North American retail sales of RVs in the first 10 months of 2015 grew 11% from a year earlier to 334,528 units, according to Statistical Surveys Inc., a research firm. That was slightly above the prerecession peak in 2007.
Better-informed customers, though, are keeping a lid on profit margins. Consumers are doing more homework online, sometimes buying from faraway dealers.
North American sales of RVs total about $16 billion a year. Prices range from around $5,000 for low-end, folding camping trailers to more than $200,000 for higher-end motor homes with engines and driving compartments—and upward of $1 million for the largest and most luxurious customized models.
As the U.S. population ages, the average age of RV owners has edged down to 48 from 49 a decade ago, according to the Recreation Vehicle Industry Association, a trade group.
The paradigm of retirement has shifted.
The old retirement pattern of a long career of hard work, followed by no work and freedom to pursue leisure activities, is no longer typical or even attractive.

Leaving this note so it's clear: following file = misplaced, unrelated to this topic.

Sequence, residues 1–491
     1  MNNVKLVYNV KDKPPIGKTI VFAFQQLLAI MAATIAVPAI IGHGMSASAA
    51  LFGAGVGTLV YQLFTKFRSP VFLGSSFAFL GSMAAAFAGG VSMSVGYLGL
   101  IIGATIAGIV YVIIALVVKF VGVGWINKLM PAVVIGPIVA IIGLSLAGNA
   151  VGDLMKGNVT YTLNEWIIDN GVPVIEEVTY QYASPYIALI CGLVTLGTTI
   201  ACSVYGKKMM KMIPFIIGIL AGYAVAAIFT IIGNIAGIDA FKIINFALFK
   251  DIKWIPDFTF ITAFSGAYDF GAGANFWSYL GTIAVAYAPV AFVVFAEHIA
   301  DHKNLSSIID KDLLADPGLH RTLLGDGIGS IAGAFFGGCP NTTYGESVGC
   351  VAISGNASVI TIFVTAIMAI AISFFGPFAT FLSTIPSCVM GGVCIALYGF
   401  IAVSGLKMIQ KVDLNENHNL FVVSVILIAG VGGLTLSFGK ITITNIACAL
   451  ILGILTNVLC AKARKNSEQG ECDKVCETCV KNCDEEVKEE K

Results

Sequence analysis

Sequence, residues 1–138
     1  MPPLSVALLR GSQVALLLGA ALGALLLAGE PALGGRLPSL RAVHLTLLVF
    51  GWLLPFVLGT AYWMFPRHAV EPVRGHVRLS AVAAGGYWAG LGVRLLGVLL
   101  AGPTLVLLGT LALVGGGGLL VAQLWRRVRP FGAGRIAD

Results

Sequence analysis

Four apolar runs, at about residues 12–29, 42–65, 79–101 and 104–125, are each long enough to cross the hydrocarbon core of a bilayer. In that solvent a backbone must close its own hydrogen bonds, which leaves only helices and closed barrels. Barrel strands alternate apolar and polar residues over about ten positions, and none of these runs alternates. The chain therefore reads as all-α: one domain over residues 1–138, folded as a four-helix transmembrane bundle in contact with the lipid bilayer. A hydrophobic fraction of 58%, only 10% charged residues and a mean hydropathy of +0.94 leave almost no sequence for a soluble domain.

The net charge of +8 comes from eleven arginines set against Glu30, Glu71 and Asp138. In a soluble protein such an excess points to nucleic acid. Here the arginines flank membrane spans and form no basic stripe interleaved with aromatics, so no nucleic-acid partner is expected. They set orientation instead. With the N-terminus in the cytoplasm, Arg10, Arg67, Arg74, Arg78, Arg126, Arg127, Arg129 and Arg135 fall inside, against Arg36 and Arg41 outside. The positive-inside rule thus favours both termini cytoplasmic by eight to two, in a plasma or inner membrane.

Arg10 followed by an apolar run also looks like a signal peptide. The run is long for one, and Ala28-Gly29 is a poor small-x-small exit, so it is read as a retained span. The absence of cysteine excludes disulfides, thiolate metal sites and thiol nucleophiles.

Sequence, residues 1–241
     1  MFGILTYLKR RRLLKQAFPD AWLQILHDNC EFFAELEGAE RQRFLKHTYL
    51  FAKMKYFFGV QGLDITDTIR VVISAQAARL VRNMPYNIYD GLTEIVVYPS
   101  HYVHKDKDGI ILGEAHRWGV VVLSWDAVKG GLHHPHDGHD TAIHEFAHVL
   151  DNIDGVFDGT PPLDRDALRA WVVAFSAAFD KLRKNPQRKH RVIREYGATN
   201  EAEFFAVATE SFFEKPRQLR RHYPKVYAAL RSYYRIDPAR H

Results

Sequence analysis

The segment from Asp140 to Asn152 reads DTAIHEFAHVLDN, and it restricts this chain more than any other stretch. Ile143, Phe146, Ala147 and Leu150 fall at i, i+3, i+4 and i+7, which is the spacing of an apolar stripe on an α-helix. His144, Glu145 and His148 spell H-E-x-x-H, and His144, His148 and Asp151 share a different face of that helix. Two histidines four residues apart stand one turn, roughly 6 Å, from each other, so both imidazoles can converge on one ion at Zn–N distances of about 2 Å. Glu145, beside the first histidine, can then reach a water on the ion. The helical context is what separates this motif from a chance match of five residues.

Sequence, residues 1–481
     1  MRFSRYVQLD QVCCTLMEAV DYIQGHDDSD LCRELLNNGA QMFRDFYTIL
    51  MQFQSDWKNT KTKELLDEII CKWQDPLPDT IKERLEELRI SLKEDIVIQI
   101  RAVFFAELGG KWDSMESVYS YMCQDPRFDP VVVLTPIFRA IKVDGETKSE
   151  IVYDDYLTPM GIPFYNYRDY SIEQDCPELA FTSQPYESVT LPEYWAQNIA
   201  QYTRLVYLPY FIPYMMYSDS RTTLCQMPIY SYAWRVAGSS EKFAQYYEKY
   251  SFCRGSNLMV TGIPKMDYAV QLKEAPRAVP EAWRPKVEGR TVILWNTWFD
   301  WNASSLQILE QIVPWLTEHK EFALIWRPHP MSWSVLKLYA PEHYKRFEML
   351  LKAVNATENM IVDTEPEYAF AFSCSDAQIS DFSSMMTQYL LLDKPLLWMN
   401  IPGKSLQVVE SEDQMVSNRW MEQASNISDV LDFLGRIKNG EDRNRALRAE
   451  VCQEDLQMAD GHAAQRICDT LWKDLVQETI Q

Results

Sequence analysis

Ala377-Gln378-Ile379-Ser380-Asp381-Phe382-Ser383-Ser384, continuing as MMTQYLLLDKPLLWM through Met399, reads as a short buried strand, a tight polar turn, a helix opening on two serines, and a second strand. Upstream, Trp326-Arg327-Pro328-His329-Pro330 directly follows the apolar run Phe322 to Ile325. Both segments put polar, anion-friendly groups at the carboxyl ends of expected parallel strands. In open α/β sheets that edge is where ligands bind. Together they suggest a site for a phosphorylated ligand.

Baby Boomers in their 60's begin to think about how to retire from their professions or occupations. The combination of longer anticipated lifespans, entrenched patterns of consumption, and other factors, such as losses in retirement account funding due to the economy, has led many boomers to consider post retirement as a "next phase" of life (work-wise and otherwise).
Getting ready to look within and re-discover who we are now, and then using that newly found data to fashion what we want to do, to see, to become will be the imprint of our unique "life signature."
Bottom Line: Retiring boomers are or plan to be energetic and vital, techno-savvy, entrepreneurial and globally aware. They have more to offer along with the desire and ability to offer it. And they have expectations of living for one or even two additional 15-year cycles beyond what was formerly common.
Boomer Retirement Life Tips ($.99)